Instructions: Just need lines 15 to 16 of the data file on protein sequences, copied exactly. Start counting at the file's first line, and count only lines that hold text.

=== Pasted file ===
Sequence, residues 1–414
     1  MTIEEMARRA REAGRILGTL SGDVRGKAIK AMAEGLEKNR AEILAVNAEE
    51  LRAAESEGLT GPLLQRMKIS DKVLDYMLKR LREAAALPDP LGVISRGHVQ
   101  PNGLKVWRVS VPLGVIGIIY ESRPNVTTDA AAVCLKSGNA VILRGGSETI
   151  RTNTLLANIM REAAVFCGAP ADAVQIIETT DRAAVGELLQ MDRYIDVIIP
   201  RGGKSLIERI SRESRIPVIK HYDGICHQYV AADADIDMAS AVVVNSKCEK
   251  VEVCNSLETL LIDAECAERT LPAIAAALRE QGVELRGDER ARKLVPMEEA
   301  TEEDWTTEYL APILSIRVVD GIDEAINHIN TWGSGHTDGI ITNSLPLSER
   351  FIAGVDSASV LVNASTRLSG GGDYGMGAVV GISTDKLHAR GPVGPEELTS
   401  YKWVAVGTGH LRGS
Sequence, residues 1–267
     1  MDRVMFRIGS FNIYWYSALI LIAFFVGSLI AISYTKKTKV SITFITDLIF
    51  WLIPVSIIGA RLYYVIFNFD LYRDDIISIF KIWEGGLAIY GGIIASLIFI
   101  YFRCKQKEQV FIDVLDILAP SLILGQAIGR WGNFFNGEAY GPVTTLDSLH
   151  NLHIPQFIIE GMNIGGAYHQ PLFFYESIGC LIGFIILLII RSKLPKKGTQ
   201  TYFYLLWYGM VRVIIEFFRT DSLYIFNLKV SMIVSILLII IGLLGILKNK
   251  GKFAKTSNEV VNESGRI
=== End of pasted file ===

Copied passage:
   151  NLHIPQFIIE GMNIGGAYHQ PLFFYESIGC LIGFIILLII RSKLPKKGTQ
   201  TYFYLLWYGM VRVIIEFFRT DSLYIFNLKV SMIVSILLII IGLLGILKNK